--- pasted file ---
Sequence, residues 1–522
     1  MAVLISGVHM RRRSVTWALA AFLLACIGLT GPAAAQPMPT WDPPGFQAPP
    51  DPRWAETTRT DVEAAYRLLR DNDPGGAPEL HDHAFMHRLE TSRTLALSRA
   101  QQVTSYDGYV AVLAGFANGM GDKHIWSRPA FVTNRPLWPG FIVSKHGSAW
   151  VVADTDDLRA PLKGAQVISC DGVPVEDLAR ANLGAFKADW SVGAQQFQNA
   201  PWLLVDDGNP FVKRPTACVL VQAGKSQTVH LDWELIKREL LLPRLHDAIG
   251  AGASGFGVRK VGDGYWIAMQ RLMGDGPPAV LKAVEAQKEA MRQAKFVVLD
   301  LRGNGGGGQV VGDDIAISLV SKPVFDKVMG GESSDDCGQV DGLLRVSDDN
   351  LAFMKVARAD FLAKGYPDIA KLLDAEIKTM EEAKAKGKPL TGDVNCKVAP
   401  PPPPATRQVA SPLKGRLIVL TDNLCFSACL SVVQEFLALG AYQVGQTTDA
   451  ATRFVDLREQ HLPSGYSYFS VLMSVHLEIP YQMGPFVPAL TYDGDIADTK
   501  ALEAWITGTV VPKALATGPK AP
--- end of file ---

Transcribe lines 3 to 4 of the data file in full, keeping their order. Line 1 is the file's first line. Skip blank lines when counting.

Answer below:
    51  DPRWAETTRT DVEAAYRLLR DNDPGGAPEL HDHAFMHRLE TSRTLALSRA
   101  QQVTSYDGYV AVLAGFANGM GDKHIWSRPA FVTNRPLWPG FIVSKHGSAW